IT will skip Windows 8 as the enterprise
standard. So says a new Forrester Research report penned by David K. Johnson that goes by the same name.
"Windows 8 is the boldest release of the OS since Windows 95. Microsoft chose to discard the Start button in favor of a new look designed to tie together the PC, tablet, and, smartphone experience," Johnson wrote. But he noted that the "unorthodox offering" drives IT leaders to ask a number of questions.
Those questions include: Is Windows 8's new interface too far of a departure for some employees to learn, and will there even be any employee demand for it? Does Windows 8 offer enough new value to justify migration investments, and if so, when, and across which devices?
The report goes on to explain why Forrester believes most businesses will not adopt Windows 8 as their primary standard, but must be prepared to meet employee "bring your own device" demand. The latter point lines up with a recent Gartner report suggesting that half of companies will mandate BYOD for employees.
The UI Beef
Windows 8 started out of the gate with disadvantages. Usability guru Jakob Nielsen set the stage for the complaints with a review that tore the operating system to shreds last November.
Nielsen didn't like what he deemed a reversal of Microsoft's user interface strategy, one that differs from the traditional Bill Gates-driven style that emphasizes powerful commands. He said Microsoft has "gone soft" and "smothers" users with big colorful tiles while hiding needed features.
"One of the worst aspects of Windows 8 for power users is that the product's very name has become a misnomer. Windows no longer supports multiple windows on the screen," Nielsen wrote in a blog post. "Win 8 does have an option to temporarily show a second area in a small part of the screen, but none of our test users were able to make this work. Also, the main UI [user interface] restricts users to a single window, so the product ought to be renamed 'Microsoft Window.' "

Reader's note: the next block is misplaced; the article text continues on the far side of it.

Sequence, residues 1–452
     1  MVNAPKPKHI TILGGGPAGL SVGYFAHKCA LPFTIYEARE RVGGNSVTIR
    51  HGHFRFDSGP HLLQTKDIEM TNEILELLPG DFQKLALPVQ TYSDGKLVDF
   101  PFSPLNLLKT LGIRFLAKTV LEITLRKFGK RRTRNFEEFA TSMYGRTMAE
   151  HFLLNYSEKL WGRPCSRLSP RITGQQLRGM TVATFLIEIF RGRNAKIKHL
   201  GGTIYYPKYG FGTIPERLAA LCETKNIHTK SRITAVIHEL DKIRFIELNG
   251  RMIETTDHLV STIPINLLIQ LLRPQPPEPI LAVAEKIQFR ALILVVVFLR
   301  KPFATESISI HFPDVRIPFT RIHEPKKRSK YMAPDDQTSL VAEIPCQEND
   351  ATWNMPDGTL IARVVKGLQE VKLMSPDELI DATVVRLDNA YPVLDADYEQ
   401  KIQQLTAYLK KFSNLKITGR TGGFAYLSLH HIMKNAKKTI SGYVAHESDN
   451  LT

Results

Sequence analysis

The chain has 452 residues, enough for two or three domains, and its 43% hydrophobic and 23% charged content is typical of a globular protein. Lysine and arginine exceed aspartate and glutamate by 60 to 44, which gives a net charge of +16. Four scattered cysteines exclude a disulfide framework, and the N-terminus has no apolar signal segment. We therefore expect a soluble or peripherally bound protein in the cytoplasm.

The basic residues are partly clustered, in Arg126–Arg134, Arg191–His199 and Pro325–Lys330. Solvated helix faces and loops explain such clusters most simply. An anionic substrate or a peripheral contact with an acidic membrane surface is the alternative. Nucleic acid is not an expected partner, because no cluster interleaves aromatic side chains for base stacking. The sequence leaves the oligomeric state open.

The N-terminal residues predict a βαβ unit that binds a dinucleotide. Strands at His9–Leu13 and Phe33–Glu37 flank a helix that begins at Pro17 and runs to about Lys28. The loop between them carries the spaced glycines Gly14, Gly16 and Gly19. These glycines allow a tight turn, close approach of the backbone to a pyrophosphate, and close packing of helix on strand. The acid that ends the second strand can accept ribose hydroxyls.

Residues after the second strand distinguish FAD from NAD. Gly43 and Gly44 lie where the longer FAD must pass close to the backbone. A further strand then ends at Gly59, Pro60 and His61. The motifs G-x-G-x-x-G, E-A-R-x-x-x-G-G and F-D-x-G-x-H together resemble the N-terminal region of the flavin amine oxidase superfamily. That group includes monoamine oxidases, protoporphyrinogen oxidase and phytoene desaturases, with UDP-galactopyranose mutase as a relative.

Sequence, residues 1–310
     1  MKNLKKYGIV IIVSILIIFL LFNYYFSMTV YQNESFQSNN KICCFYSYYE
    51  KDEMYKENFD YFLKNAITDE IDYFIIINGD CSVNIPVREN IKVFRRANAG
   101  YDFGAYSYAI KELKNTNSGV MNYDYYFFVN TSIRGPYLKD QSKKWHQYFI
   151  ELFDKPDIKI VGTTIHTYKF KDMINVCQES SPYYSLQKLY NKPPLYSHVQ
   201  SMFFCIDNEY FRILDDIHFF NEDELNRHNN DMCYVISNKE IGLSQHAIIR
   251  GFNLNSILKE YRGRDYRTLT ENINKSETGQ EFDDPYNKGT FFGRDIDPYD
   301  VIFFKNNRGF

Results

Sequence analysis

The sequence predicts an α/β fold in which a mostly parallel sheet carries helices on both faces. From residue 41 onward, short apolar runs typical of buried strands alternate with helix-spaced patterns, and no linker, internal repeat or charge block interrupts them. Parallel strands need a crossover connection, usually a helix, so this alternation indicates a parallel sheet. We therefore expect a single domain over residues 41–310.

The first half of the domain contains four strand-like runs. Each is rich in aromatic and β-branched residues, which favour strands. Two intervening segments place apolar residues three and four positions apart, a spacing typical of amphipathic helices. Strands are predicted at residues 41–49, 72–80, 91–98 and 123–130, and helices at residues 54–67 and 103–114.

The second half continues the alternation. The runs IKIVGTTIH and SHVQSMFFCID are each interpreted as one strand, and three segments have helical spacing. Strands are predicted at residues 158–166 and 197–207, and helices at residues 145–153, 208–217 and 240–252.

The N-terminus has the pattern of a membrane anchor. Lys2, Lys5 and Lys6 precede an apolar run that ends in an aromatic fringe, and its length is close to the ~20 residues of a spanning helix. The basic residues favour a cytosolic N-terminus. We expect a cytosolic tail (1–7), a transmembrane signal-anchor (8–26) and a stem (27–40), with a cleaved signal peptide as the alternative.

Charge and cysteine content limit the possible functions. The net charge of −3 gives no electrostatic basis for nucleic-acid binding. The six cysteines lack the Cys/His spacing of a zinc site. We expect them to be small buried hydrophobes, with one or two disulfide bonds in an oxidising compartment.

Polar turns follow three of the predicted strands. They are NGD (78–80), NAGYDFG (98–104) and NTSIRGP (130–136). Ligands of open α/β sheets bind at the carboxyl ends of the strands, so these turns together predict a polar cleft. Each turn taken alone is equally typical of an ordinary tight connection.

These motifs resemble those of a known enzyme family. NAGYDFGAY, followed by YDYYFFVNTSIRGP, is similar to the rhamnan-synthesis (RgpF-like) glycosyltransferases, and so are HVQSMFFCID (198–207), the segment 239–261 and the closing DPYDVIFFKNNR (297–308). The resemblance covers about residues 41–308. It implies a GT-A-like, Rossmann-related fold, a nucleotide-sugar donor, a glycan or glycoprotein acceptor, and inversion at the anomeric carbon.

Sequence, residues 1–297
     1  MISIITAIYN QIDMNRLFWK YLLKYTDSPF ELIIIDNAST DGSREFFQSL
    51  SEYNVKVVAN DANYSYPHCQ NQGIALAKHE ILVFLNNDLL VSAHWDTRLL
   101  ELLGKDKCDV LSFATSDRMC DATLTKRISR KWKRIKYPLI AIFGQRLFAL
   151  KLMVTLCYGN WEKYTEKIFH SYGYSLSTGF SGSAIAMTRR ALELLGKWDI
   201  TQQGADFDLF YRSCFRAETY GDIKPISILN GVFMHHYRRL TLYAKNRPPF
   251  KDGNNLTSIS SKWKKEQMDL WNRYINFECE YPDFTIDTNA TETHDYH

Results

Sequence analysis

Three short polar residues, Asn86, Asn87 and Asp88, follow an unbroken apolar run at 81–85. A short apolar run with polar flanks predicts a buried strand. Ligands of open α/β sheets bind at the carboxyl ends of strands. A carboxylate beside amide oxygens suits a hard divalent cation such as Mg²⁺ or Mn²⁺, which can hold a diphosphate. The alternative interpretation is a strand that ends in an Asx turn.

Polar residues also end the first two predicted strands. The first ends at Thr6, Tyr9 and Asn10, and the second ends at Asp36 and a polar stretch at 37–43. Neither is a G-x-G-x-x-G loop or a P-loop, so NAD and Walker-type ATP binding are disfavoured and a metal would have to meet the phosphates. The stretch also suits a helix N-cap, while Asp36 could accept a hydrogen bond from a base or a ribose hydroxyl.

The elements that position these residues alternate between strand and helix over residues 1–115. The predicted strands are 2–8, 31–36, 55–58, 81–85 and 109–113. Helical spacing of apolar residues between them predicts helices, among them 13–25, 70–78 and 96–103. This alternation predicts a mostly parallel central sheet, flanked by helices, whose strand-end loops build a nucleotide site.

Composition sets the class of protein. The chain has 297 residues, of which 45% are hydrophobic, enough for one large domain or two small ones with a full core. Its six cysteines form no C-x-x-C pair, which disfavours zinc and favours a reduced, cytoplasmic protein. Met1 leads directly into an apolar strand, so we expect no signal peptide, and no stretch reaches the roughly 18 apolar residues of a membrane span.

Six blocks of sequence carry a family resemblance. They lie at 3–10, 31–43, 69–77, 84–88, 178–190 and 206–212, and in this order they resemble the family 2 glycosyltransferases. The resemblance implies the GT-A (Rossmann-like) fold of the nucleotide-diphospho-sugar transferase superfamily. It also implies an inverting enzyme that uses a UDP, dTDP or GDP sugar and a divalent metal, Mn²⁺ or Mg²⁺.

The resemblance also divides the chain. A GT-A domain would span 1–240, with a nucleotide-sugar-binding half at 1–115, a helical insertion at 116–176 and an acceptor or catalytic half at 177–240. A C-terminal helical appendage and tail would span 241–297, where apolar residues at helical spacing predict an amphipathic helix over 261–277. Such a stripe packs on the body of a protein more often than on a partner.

Windows Still the Standard
Seven months later, Microsoft relented and announced Windows 8.1, formerly known as Windows Blue. Windows 8 users will get a free update of the software through the Windows Store, but no one knows exactly what the new update will include.
"Windows is still the standard, but it doesn't look like Windows 8 is going to have the same penetration as Windows XP and Windows 7 had," said Brad Shimmin, a principal analyst at Current Analysis. "It's still very much a Microsoft world in the enterprise, it's just an older Microsoft world. I think it proves pretty difficult for Microsoft to modernize its enterprise constituency for two reasons."
First, he said, Windows 8 is not a simple upgrade from an IT perspective. Training is required because it is not always immediately apparent sometimes how to switch between the classic UI and the Windows 8 UI. That, Shimmin told us, makes IT cringe.
The second, Shimmin said, was the lack of compatibility with Windows RT, which is the version optimized to run on lightweight tablets using ARM-based processors.
"Enterprises are looking for solutions that allow BYOD and a more mobile workforce that might be moving between their phone, tablet, desktop and laptop," he said.
"When Microsoft released its tablet-capable RT versions of Windows 8, it did so with a lot of caveats as to what you could run on them. That's not going to work well when the enterprises have such a huge investment and portfolio of software to run on these systems. It needs to be compatible from Day One."